Designs such as drawings are flat and done on a 2-dimensional surface so artists often use the art of perspective to make the design look more realistic and 3-dimensional. Perspective is very important in graphic design because without it, your creation would look very flat, boring, and not very lifelike. If you were to ask a group of people to compare a regular drawing to one with perspective, the one with perspective and depth would be found be to more intriguing and engaging. Perspective can be created on paper by adding the height, width, and depth of an object and its position, and can totally change the whole picture and the meaning of it.
Perspective can evoke many feelings depending on the art. For example if the Burj Khalifa–the tallest building in the world–were drawn from the perspective of the base of the building looking up, then the viewer would feel very small. You can make someone feel uneasy and dizzy as well as if the view is from the very top as people tend to have a fear of heights. If you look down from such a high place it could feel like if you were to fall off that you would be falling for an infinite amount of time and that the space just continues. Or depending on how you portray the scene and building it could feel empowering to see from the view of the top where you can feel like you’re towering over people and are superior.
If you were to imagine looking at a picture of someone’s bedroom but everything seems tall from the viewer’s perspective, this would imply the perspective is from a child. This could create a feeling of being small and panicked or it could make you feel childish and fun.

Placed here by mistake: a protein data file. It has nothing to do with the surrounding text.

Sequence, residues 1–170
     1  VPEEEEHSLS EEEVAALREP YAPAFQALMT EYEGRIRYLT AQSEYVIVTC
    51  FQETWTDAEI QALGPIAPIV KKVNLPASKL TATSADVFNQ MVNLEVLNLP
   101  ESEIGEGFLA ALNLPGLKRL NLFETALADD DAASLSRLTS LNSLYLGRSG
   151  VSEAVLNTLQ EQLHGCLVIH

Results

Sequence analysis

Image by: KicsterAsh on DeviantArt
What kind of feelings does this picture evoke? Does looking up at the extremely tall trees give you a sense of happiness and adventure? Or does it make you feel lost, isolated, and tiny? Does it seem like the trees go on forever and you are trapped?
As an artist, perspective can be easy to obtain when you keep in mind the five main types of ways to create this visual effect. Using these will make the process much easier and your work will come out looking much more lifelike. The six main ways are:
Size and Overlap
Imagine looking at the mountains where you can see that the larger mountains are in front and the smaller ones are further behind with a railroad that looks as if it begins to intersect. This is all because objects that are larger appear closer and further away objects become smaller. The larger objects also tend to overlap the smaller ones. Another rule that goes hand-in-hand with size and overlap is that parallel lines intersect at the horizon. In real life, railroads never intersect but as distance increases they look as if they meet.
Image by: Stephenspencer1993
Colour and Texture
Oftentimes lighter colours such as yellow red and orange seem to look closer while the darker colours like blue are seen as further back. Warmer colours are called advancing colours and cooler colours are called receding colours. The cool colours are also often finer-grained than the closer warm colours that are coarse-grained.
Shade and Shadows
Shadows are used behind objects which don’t receive light. Depending on where and what the light source is, the shadow will vary in size and darkness. Shade is the part of an object that doesn’t receive light. For example, if there is a lamp to the right of a mug, the shade is the left side of the mug and the shadow would be a circular shape to the left on the table it in on. Shade and shadows help create perspective by demonstrating how far an object is when there is a light source present.
All in all, perspective is very appealing to one’s eye. It is commonly used in many forms of art and will continue to be for a long time. You will see this while looking at all most any piece of art and everywhere outside and in real life! I highly recommend using these visual tricks when you create your next piece of work as it will make it that much better!